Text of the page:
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Archive for the ‘I was Just Trying to Eat…’ Category

Went to dinner with a few former foodie work colleagues Friday. We went to New York’s (consciously) coolest new restaurant, The Smith (owned and operated by the folks at Jane, where I worked for a period of time, and the Neptune Room, where I didn’t). First let me be clear about something: the food at The Smith is very very good, at least what we had, which, as is the joy of dining with 3 or more food enthusiasts eager to try and share, was a decent cross-section of the medium-sized menu. Brian Ellis, a chef worthy of serious respect, delivers a casual (casual in a New York way where blue cheese fondue is not taken for mysterious but instead for granted, here smothering house-made potato chips in a decadent dish that is actually better than it sounds (and trashier)). The short ribs are killer, the mac and cheese is real good, the list goes on. It’s a good restaurant. But this isn’t meant to be a review of the restaurant, but a gripe I have with service in general (and I empathize, I worked as one).

The Smith has an avocado salad with chipotle vinaigrette. I asked the server after my friend ordered the salad (we’re sharing everything remember) “Does the avocado salad have any cilantro?” He said, “No, it doesn’t.” I said, “OK, cool, cuz I really really hate it.” He said something like, don’t worry about it. Fast forward some mac and cheese and potato chips later, arrives avocado salad with large leafy pieces of herb. I’m in a high state of alert and simultaneous indifference (I’m having so much fun with those goddamn delicious chips) about this leafy herb.

*I’d like to say that the visually suspicious herb dotting the otherwise beautiful, simple salad was actually parsley, but, self-fulfilling prophecy be damned, this was, no-doubt-about-it cilantro. If I wanted to be positive here, and I will again for a moment because I do like the restaurant, at least it was in huge pieces that could be avoided (much how Mario Batali always cuts his garlic in large pieces for those who don’t like it (but who doesn’t like garlic?)). But in fairness, I did ask in an unmistakable and polite enough way.
See the thing that has me annoyed here is that there’s no shame in asking the kitchen a question if you aren’t sure about a question a difficult or not difficult diner has asked. If I ask a yes or no question, in life in general, but let’s start with food and restaurants, the acceptable answers are “yes” (which means yes), “no” (which means no) or, “I’m actually not sure, I’ll find out,” (which means I’ll come back with an informed yes, no, or actually in this case there is no yes or no answer (although in answering the “Is there cilantro in this?” question there is always a yes or no answer)).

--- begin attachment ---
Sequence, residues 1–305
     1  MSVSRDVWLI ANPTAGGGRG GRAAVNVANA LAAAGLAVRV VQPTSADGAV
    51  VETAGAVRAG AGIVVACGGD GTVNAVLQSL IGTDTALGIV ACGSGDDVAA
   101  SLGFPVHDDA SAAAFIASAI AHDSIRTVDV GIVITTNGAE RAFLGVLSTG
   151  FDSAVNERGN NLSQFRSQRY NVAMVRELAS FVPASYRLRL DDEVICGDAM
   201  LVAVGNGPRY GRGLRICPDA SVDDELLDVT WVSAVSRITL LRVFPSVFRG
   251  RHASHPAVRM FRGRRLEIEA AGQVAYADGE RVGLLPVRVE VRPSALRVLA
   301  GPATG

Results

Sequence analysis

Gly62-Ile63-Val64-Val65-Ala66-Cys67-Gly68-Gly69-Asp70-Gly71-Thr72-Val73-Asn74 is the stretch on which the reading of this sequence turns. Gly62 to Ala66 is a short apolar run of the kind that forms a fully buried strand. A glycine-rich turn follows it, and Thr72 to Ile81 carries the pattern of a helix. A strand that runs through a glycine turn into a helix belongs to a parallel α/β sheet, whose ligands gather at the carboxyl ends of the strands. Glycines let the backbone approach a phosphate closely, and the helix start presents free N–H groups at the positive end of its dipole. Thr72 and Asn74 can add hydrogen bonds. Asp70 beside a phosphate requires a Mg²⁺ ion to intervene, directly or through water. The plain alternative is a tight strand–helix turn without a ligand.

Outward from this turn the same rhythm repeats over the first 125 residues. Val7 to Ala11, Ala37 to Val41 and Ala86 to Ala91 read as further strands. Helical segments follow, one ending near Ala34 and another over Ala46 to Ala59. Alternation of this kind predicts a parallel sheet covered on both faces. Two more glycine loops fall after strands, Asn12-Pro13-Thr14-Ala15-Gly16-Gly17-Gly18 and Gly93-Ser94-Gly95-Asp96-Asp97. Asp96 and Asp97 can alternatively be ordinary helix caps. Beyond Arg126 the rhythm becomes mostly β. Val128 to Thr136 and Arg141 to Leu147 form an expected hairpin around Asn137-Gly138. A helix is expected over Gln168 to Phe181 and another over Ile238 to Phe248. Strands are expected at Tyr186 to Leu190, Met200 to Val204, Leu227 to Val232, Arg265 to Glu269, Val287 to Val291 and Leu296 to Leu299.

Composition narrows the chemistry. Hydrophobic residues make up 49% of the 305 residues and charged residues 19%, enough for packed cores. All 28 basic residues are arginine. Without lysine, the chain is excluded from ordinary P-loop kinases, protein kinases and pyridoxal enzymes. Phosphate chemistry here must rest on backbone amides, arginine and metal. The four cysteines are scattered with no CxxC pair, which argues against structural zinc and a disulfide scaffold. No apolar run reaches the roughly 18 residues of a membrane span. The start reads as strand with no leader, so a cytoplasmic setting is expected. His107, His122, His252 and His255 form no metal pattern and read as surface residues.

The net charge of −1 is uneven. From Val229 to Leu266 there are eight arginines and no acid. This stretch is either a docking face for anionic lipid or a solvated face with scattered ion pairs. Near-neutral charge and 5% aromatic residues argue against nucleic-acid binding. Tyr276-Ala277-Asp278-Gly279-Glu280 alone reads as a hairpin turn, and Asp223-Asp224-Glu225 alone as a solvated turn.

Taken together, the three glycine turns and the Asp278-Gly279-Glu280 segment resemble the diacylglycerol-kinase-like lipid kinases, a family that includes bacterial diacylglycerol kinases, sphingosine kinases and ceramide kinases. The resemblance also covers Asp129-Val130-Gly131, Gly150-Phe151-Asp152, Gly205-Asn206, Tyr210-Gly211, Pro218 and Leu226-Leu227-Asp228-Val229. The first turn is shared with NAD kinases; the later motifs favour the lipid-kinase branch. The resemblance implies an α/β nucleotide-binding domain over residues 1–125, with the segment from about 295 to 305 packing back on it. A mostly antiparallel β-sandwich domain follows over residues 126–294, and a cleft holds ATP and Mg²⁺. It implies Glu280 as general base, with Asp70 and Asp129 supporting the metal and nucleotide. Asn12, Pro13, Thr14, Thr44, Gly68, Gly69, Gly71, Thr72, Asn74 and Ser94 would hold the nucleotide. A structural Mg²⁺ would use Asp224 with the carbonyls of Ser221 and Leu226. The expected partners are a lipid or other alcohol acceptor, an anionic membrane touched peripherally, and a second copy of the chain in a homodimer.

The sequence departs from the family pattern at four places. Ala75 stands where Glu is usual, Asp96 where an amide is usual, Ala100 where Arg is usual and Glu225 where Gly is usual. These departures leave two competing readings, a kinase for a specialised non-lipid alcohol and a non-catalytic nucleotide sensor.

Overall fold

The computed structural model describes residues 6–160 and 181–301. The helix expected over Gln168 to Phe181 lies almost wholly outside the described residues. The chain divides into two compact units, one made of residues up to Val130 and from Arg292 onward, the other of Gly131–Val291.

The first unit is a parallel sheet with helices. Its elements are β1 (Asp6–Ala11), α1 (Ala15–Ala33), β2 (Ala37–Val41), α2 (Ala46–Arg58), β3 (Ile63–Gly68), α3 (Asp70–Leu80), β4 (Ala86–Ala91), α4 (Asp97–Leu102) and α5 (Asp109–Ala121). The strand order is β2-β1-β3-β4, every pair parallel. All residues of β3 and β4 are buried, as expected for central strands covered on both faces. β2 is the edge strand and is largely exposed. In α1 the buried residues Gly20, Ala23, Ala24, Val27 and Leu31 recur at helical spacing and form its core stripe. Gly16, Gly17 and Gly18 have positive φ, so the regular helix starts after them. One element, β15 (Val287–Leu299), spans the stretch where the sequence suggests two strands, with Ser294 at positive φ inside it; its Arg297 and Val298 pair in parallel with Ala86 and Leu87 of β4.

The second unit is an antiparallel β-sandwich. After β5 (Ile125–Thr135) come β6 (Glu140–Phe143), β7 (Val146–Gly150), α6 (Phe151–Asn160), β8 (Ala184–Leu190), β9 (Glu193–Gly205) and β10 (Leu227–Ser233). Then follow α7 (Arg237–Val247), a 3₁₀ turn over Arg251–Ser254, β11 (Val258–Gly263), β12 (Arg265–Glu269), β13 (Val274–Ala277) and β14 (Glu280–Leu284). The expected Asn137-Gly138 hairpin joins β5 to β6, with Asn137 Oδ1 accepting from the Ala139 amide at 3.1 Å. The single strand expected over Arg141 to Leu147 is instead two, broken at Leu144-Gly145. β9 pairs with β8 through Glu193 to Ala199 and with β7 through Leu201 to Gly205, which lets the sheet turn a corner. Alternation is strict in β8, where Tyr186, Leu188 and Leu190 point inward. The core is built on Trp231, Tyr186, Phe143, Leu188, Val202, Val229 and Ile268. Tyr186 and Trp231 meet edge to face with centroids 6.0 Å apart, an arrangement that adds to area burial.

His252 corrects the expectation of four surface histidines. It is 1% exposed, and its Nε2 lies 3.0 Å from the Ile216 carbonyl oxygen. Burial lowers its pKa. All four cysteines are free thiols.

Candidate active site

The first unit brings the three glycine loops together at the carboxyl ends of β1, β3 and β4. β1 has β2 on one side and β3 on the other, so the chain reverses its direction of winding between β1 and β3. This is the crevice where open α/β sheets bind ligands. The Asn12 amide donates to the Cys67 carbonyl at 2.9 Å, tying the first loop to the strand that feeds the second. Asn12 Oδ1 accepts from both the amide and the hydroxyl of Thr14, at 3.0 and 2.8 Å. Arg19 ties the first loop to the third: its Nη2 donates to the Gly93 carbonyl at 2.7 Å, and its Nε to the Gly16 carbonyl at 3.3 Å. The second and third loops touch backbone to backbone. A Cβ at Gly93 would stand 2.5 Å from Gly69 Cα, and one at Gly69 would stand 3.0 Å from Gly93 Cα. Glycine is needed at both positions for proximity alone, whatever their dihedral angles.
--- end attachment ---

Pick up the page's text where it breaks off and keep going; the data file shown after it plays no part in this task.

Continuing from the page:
The answer to these questions, see, is sort of irrelevant. It points, I’m sure, to a larger issue I take with the idea of testimony, with truth, with knowledge. We all give inaccurate information to other people, inadvertently, from time to time. But, maybe one of the things that’s important to know is what’s important to know. So, for instance, when you’re a waiter, it’s important to know what’s in food or to know when you don’t. Then again, other people would argue and say what’s important is to know how to kiss not just one kind, but all kinds of asses (Guess which kind of waiter I knew how to be). That’s why I give this guy and other’s like him some slack; everyone wants something different out of you and what you probably want is a part in a play, an audition for anything, a clue as to what it is you want or how to go after it and get it — that is, not to kiss asses or tell people what’s in their food.

But inasmuch as what I think and what I want matters, I want to ask “Is there cilantro in this?” and get an answer that corresponds to, you know, whether or not there’s cilantro in it. I can say, with absolute assurance, however, that there is no (at least to date) cilantro in The Smith’s very excellent potato chips with blue cheese fondue and that avocado salad, with some careful maneuvering, was actually really good.